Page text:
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Thursday, February 13, 2014



     In September 1903, W.E.B. Dubois, a Harvard educated scholar, published a ground breaking article in which he speculated that African Americans could only achieve social equality and social justice through the efforts of a small group of elite intellectuals whom he referred to as “The Talented Tenth.”

     In a recent incident here in Connecticut, a 17 year old inmate identified as having a mental illness imprisoned at the Manson Youth Institution in Cheshire committed suicide.  His incarceration and subsequent death places a spotlight on the issue of what happens when insufficient community services for people labeled with mental illness leads to substantially increased numbers of prison inmates who are considered mentally ill.

     In the years since I began to be involved in advocacy, I continue to see a mental health system plagued with inadequate resources, hampered by a community – the citizenry of the State of Connecticut—which still does not seem to understand the ethical and social implications of refusing to address the needs of some of its most vulnerable—those labeled with mental illness.  After a decade, why is it that promises state government made to support the recovery of people with psychiatric labels remains broken?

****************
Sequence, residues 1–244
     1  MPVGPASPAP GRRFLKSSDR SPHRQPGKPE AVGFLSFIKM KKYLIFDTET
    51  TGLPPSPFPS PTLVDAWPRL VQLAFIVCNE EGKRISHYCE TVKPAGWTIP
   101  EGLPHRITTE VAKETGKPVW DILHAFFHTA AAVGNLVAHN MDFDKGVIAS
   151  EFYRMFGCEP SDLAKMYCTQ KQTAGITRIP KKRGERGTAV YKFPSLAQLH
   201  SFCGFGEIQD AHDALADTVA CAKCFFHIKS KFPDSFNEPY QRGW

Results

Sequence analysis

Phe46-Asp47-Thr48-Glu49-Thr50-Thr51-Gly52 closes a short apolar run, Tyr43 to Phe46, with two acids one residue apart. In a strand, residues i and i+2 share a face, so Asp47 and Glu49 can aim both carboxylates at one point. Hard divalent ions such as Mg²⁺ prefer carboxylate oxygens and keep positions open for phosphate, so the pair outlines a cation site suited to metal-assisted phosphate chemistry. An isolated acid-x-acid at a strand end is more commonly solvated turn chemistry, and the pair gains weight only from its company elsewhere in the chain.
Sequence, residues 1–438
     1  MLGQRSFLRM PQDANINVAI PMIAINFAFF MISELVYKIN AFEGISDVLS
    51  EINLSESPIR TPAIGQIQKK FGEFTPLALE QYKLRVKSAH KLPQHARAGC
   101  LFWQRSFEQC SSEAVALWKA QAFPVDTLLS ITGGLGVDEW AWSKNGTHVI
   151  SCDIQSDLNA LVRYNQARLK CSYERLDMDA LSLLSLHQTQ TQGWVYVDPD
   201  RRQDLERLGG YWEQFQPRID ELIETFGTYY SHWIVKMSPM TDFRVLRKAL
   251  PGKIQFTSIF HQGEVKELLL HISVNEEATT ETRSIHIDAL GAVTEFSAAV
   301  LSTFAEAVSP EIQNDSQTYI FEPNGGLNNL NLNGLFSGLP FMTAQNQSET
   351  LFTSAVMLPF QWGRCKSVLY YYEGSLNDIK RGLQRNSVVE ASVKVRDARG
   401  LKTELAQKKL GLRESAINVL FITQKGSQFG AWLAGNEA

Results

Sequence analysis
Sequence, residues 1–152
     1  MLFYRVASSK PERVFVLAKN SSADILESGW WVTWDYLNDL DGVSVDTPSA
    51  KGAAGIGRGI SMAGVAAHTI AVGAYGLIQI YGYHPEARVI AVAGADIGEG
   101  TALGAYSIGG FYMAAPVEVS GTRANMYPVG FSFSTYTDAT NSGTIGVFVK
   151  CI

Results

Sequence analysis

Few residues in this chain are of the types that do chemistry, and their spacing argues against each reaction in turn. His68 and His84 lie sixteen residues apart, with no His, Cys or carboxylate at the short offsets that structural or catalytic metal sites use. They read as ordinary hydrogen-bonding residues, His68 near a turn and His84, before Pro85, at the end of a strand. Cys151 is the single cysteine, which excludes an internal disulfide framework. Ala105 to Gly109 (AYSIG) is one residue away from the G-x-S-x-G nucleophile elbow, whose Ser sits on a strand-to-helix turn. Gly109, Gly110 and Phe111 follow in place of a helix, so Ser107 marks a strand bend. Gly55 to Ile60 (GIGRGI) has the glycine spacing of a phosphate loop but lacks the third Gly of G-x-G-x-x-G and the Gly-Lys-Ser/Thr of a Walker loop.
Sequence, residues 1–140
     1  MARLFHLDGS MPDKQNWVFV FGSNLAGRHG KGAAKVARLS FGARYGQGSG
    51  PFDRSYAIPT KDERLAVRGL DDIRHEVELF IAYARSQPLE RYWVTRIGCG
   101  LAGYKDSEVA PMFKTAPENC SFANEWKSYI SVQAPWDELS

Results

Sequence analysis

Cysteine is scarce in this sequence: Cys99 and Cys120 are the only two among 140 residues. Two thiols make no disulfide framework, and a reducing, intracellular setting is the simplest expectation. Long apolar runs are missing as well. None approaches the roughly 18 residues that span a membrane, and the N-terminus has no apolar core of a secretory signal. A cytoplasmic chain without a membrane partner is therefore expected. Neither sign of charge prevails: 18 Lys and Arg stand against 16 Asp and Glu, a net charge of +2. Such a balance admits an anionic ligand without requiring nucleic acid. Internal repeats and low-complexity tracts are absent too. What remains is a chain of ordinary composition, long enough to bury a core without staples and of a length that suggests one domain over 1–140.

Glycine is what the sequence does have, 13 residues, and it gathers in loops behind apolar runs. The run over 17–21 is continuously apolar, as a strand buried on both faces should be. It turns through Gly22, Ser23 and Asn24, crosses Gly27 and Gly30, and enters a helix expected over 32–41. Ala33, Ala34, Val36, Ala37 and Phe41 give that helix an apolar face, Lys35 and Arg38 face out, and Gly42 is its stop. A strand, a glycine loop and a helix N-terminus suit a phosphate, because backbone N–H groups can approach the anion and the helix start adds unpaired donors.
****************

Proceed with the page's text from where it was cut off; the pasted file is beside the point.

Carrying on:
I do not believe that DMHAS (Department of Mental Health and Addiction Services) wished for cutbacks in mental health treatment, but I do believe it is wholly responsible for this outcome.  For any oppressed group, be it African-Americans, homosexuals, or those with other unique abilities, the very core of social activism which leads to equitable policies and, if necessary, rehabilitative support, lies in the establishment of powerful and vocal advocacy groups made up of the members of that group.  The NAACP, for example, was the direct consequence of W.E.B. Dubois’ advocacy, and has been a powerful voice for change on behalf of people of color in this country.